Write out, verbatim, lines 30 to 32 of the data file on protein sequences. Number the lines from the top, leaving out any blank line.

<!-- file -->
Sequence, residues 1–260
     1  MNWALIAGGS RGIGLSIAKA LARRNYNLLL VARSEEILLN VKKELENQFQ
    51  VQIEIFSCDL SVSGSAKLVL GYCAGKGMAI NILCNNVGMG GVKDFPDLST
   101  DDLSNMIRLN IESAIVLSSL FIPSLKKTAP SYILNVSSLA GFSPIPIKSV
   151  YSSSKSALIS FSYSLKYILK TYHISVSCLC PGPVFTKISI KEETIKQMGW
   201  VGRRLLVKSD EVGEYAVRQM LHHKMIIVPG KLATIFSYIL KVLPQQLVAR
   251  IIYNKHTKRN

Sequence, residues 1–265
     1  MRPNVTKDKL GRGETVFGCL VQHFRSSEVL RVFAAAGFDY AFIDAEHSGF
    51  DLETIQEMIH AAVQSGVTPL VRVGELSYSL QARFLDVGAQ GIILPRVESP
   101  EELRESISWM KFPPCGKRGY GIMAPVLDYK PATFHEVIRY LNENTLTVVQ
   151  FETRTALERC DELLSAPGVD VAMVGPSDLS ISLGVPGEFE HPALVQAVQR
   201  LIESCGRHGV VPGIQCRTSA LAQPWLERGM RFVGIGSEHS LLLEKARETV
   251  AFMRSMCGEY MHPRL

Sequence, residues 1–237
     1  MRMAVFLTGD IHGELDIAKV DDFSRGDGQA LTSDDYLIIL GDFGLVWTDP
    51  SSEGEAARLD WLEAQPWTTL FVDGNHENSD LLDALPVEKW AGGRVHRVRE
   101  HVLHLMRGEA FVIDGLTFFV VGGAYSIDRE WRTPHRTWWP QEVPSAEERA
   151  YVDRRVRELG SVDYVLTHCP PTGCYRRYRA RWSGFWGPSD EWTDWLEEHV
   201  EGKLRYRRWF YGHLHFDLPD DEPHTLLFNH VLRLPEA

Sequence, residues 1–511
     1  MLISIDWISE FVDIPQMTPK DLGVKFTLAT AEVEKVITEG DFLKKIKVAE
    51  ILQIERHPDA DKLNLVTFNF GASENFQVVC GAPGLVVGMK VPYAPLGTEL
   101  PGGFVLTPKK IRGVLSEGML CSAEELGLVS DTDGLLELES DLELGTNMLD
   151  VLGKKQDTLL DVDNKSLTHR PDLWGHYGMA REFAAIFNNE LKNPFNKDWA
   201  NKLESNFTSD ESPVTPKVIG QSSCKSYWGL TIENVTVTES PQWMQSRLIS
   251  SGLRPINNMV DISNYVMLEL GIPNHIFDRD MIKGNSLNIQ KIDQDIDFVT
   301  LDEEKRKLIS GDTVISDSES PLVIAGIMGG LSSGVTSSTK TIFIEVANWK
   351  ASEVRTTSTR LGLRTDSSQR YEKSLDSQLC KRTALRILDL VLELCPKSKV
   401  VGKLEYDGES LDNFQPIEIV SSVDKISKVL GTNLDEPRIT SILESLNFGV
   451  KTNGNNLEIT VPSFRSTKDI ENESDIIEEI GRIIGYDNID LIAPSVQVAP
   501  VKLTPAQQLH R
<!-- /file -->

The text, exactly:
   401  VGKLEYDGES LDNFQPIEIV SSVDKISKVL GTNLDEPRIT SILESLNFGV
   451  KTNGNNLEIT VPSFRSTKDI ENESDIIEEI GRIIGYDNID LIAPSVQVAP
   501  VKLTPAQQLH R